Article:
“I would say it is really impressive and reminds me of how much extra-curricular activity there was at Imperial, especially considering such a small on-campus population. My point is how remarkable STOIC was to inform (& entertain?) the student community and I would like to think, staff too. I know technology has changed so anyone with a mobile phone can capture events these days and upload to YouTube, but there is no editorial discipline and it’s probably quite hard to get attention. At least with STOIC they had no choice in the JCR at lunchtime! I am most grateful for the opportunity STOIC gave me to participate and to be able to see the record of some of these activities all these years later.”

A lot more will be found from my first two blogs featuring STOIC and in particular the “Happy Birthday to Us” video, which more or less tells the whole story of how they started, and indeed ran, until leaving the College TV studio in summer 1986. To end, I have recreated the STOIC logo that I designed and added an updated version of the jingle that has never been heard before. It was on the master tape at 15ips, which was a tape speed that we couldn’t run. Now, hopefully, the sound quality will come through at last.

And with the time just after 6:24 STOIC is now closing down……

 

Colin Grimshaw 17 February 2020 – Happy Birthday to Them

Interferon Pilot Plant: 1980

Saturday, February 1st, 2020

In the February 2019 blog, about Imperial Biotechnology Ltd, I included a Thames Television interview with Dr Trevor Langley. Through the current digitisation of the STOIC archives I now have something homegrown about the pilot plant. In May 1980 Tracy Poole (now Dudley) reported on the current work being undertaken and also interviewed Prof Brian Hartley, a former Head of Department in Biochemistry.  He was then overseeing the entire project.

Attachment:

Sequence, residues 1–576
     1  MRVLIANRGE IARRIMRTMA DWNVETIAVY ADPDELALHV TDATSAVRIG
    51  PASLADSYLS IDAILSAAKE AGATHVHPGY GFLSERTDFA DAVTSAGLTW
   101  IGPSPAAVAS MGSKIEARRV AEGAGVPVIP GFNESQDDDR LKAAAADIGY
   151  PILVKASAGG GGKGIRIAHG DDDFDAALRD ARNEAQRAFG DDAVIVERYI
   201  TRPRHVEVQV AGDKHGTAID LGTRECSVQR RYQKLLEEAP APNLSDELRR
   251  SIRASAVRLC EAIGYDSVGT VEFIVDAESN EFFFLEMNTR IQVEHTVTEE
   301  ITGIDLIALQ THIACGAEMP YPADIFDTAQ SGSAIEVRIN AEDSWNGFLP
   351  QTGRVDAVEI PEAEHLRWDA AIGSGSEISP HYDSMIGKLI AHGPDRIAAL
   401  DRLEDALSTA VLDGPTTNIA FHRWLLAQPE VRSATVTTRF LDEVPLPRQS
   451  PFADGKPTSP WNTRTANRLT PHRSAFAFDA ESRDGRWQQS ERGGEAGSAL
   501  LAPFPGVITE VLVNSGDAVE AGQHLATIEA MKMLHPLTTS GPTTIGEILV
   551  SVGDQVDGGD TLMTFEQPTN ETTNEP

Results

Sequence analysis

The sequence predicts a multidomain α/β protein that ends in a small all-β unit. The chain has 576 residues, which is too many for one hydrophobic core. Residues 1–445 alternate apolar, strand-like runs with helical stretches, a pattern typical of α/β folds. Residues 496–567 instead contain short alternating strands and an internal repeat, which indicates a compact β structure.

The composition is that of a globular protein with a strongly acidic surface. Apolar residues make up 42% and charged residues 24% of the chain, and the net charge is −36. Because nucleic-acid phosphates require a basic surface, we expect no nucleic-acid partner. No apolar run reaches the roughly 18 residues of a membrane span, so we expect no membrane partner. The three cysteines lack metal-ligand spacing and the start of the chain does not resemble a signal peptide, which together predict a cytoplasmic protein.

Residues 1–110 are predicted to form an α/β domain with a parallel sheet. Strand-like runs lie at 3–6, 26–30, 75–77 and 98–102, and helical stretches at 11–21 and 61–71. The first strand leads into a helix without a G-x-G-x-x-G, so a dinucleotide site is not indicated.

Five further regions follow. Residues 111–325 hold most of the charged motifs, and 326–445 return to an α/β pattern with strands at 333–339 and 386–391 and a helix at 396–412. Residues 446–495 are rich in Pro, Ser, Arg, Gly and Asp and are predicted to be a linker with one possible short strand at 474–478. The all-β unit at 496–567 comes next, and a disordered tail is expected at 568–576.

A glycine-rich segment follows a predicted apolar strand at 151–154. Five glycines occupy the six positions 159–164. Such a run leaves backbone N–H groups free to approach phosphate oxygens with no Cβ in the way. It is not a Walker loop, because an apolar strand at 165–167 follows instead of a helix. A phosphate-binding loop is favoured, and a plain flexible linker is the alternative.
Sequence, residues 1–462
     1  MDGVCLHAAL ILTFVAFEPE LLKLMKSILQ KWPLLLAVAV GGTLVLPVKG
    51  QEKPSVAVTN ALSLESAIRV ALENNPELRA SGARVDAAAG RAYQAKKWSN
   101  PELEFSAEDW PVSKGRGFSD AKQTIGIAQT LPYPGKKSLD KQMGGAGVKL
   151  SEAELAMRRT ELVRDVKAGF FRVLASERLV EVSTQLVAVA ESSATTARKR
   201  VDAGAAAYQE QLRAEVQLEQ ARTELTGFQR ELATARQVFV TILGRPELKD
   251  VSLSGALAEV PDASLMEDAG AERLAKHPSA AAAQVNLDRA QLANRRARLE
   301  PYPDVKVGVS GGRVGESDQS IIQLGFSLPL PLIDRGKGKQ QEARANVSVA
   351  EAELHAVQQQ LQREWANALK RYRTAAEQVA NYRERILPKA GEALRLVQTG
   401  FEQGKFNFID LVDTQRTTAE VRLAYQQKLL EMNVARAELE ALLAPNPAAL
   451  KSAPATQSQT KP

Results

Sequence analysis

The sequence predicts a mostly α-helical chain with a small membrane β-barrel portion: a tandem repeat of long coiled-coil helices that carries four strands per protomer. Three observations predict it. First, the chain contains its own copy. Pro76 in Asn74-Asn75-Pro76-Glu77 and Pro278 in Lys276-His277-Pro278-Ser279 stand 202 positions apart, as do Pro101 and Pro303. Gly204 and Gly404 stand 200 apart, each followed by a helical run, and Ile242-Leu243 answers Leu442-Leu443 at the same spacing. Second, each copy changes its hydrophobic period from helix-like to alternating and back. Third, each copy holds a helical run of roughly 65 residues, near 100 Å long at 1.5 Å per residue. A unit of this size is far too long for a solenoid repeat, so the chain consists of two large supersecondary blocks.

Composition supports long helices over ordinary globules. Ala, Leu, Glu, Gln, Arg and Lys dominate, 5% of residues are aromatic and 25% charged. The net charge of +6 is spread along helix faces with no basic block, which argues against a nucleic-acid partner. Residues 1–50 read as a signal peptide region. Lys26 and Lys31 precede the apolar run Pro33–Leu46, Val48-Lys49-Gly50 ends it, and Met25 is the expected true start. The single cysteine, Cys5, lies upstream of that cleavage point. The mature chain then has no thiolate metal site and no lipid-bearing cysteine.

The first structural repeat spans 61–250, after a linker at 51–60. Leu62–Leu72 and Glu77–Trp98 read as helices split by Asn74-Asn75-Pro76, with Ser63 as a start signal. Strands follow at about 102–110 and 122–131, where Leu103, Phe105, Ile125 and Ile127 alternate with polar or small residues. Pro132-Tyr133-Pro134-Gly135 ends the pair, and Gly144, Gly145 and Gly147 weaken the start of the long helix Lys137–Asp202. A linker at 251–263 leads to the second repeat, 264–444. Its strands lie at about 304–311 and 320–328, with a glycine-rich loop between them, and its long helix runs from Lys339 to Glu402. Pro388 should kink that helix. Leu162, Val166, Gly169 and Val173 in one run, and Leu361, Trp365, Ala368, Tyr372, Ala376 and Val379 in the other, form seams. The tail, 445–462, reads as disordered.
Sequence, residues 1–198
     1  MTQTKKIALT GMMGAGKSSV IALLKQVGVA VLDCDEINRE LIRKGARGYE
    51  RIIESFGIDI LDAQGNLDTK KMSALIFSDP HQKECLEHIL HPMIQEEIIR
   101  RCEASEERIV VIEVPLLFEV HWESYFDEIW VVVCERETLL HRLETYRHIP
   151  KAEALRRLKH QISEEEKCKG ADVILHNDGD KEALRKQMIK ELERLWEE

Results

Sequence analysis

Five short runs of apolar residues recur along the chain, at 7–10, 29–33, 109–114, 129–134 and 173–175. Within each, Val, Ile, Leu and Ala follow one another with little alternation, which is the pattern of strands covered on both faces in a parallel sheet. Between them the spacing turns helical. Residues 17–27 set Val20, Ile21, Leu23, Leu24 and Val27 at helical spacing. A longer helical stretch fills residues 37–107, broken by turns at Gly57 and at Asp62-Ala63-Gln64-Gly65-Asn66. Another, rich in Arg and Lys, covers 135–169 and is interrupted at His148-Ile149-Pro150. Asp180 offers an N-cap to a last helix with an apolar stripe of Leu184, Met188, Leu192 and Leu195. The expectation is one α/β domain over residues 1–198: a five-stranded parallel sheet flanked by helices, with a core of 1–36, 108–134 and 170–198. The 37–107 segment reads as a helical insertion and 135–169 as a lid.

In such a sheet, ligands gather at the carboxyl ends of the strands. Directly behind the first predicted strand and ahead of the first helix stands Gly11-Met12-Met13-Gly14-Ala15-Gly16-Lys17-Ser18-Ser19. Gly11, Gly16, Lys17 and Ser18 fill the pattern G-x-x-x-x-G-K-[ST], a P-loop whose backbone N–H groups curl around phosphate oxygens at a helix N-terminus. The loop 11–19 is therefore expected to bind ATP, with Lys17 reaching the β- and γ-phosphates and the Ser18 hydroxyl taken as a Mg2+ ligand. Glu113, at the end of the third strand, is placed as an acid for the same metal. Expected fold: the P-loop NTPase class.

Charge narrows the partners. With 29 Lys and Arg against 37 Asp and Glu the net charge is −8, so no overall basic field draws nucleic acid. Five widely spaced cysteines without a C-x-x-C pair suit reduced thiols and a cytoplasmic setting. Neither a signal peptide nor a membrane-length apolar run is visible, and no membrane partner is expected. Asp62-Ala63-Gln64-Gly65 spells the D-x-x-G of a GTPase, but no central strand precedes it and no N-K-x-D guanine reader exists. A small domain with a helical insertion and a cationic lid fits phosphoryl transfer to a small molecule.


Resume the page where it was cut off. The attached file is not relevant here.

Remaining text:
The pilot plant was ultimately closed and dismantled in 1994 and was finally refurbished as the Flowers Building.

Colin Grimshaw February 2020

 

Iranian Embassy Siege memories: 1982

Friday, January 10th, 2020

In the September 2019 blog I showed what I thought were the only archived videos from STOIC’s reports on the May 1980 Iranian Embassy Siege. However, in digitising more videos I have discovered an item that would have been missing, had it not been included in a 1982 news programme as an ‘archive’ clip. One of the reporters for STOIC was Tracy Poole (now Tracy Dudley) and she was about to leave Imperial after her 3 years of study. Lawrence Windley managed to speak with her during a chance visit to Imperial’s field station at Silwood Park.

Interestingly, this video includes shots that are not in the previous September blog. They include dramatic views from the top of the Southside Hall of residence when the embassy building had been set on fire. You can also see a fire engine parked outside Weeks Hall which backed onto the embassy. Indeed I’m fairly certain that some shots were taken from the rear of Weeks Hall.Another view was clearly from the Queens Tower.

The original video report was before we moved into full colour.

Colin Grimshaw January 2020